This three-minute ad sees three women trying to win over their in-laws’ blessings through an over-the-top, hilarious Chinese New Year cookout in a “kung fu” period drama setting.
“This Chinese New Year, Talking Says So Much More” by Celcom
This 60-second ad encourages friends and family to put away their phones and actually start connecting with each other during Chinese New Year.
“It Came from a Tin Mine” by Petronas
This four-minute cinematic storytelling ad sees five best friends come together in the spirit of friendship and togetherness to demystify a famous old myth.
“Have an Ongsome Chinese New Year!” by 11street
This 120-second ad, celebrating Malaysia’s multiculturalism and inclusivity, see Arvind get some much-needed help ahead of a nerve-wracking visit by his girlfriend’s parents.
Making the most out of this festive season
When Malaysians get on search and YouTube to prepare for the New Year, they arrive with the intention to research, discover, and plan ways to celebrate a memorable Chinese New Year. By understanding these audience intentions, brands can thoughtfully build their presence and align their brand messages throughout the seasonal period—creating lasting and meaningful impact.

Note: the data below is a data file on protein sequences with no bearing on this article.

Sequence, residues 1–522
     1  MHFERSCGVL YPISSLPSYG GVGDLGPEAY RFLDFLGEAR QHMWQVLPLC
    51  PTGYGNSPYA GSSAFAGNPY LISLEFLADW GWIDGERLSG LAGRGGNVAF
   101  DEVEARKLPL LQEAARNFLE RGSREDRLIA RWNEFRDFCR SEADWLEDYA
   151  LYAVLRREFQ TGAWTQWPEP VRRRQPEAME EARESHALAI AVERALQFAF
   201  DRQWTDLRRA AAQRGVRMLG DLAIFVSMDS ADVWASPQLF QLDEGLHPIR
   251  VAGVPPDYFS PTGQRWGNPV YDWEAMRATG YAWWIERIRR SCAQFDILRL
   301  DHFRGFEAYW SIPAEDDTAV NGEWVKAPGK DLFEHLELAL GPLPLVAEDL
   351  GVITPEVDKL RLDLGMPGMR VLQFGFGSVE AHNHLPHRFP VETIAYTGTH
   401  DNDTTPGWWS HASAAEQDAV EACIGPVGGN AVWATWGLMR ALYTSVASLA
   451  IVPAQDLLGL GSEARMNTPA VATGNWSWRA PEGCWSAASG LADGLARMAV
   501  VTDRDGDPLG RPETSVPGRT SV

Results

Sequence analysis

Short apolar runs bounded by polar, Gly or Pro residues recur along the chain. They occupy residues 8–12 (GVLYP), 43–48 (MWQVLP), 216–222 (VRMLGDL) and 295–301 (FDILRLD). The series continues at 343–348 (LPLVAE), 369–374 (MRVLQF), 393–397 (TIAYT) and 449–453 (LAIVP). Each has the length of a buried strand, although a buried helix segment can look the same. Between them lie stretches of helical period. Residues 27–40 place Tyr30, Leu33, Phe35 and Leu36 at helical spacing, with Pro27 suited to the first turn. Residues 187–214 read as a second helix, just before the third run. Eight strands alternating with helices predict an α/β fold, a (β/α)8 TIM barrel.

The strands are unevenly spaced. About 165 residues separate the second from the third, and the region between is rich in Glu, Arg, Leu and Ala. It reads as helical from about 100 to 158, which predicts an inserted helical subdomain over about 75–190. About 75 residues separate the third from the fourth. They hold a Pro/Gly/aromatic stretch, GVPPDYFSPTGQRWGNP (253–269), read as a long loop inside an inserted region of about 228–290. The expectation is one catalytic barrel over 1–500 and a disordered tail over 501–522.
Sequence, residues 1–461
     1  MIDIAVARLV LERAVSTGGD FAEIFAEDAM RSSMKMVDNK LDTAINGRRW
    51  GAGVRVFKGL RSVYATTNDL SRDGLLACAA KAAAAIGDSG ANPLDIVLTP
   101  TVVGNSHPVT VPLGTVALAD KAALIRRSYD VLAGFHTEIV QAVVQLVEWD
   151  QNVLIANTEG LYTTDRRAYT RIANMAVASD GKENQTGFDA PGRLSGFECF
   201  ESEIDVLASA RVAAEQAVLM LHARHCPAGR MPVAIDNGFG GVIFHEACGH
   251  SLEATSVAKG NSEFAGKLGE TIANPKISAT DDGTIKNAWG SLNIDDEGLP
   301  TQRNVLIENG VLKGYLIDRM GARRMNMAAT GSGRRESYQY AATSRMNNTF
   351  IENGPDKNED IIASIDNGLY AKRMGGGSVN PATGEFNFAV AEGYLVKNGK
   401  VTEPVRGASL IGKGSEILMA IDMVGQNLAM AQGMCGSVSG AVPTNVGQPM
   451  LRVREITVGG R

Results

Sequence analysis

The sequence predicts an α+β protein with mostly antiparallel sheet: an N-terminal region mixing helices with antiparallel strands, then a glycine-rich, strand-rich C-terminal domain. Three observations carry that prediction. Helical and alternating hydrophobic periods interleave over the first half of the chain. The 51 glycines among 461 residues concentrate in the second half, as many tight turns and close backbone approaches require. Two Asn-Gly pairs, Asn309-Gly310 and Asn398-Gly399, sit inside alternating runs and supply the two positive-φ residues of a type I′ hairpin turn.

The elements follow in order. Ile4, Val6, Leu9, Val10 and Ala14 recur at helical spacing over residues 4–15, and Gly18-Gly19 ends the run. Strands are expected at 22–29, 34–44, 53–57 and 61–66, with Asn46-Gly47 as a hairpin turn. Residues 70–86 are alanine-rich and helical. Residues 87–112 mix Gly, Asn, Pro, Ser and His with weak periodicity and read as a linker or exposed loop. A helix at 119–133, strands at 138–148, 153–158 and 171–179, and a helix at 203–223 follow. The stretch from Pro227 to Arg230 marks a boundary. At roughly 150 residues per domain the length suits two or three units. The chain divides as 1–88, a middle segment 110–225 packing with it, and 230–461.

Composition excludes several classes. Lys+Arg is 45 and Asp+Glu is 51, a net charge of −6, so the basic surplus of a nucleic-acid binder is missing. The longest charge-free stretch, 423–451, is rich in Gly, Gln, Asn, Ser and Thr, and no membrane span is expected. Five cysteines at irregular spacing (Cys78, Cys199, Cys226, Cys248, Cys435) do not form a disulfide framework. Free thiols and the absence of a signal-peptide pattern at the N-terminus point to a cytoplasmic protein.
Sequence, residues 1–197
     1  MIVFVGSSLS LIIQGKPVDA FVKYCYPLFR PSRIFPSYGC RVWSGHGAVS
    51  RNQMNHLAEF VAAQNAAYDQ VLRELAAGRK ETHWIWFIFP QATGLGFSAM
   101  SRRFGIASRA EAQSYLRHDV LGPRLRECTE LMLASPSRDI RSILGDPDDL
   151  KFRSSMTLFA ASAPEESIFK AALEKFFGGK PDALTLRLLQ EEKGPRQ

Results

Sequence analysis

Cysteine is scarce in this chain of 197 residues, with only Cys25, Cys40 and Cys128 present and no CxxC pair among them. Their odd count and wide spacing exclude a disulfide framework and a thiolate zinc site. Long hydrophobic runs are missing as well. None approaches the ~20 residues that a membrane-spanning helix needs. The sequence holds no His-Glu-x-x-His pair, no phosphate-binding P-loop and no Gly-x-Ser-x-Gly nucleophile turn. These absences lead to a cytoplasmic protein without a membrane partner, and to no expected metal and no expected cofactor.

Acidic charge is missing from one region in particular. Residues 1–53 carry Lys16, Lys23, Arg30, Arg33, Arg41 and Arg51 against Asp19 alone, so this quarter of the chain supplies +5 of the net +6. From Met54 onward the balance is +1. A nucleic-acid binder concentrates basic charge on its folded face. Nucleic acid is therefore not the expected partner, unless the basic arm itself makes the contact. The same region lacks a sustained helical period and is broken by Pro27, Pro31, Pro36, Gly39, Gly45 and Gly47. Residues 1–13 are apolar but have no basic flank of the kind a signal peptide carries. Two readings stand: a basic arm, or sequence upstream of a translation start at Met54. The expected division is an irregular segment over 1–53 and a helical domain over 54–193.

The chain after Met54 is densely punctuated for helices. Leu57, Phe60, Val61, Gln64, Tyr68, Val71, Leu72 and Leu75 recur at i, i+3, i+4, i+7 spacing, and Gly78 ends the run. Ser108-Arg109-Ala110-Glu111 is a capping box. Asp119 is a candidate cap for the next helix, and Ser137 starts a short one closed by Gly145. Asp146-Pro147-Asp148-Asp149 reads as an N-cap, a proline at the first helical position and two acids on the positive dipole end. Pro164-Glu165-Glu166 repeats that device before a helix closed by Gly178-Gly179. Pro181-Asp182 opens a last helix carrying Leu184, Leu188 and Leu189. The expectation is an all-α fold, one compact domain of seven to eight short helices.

1) Build excitement early around Chinese New Year
Brands can engage Malaysians early on by capturing intent and matching it with messages that are relevant and focus on popular Chinese New Year products. Countdown ads around branded content or promotions are a great way to remind consumers how close the holiday is and further urge them down the purchase funnel. With searches for “discounts” growing 30% year-on-year, promotion extensions are also effective in highlighting latest offers to deal-seeking customers.
Video is also the ideal medium to maximize reach and capture attention early on. The tease, amplify, and echo framework comes in handy as brands can use shorter, broad reaching ads to preview and build excitement around Chinese New Year and later pairing it with longer hero content further brand engagement from the most relevant audiences. After the celebration period, brands can re-engage the audience by releasing bumpers or other short ad formats to follow-up on key brand or product messages.
2) Timing and content are key to capturing consumer attention
Depending on the time of day, some content types are better optimized in one primetime slot over the other. For instance, if you’re a food brand creating a step-by-step cooking video for a traditional Chinese New Year recipe, prioritizing your ads during the evening primetime from 5-9 p.m. is important because engagement is higher for these content types.
Beauty, Chinese zodiac/feng shui, music, and youth videos are some of the fastest growing Chinese New Year genres by watch time on YouTube in Malaysia. Brands should create content around these popular topics to establish a relevant connection to their audience during this festive period. Time and time again, we’ve seen that the best way to win attention this time of year is to incorporate elements of food, family, and traditional values into your brand story in a way that is funny, genuine, and relatable.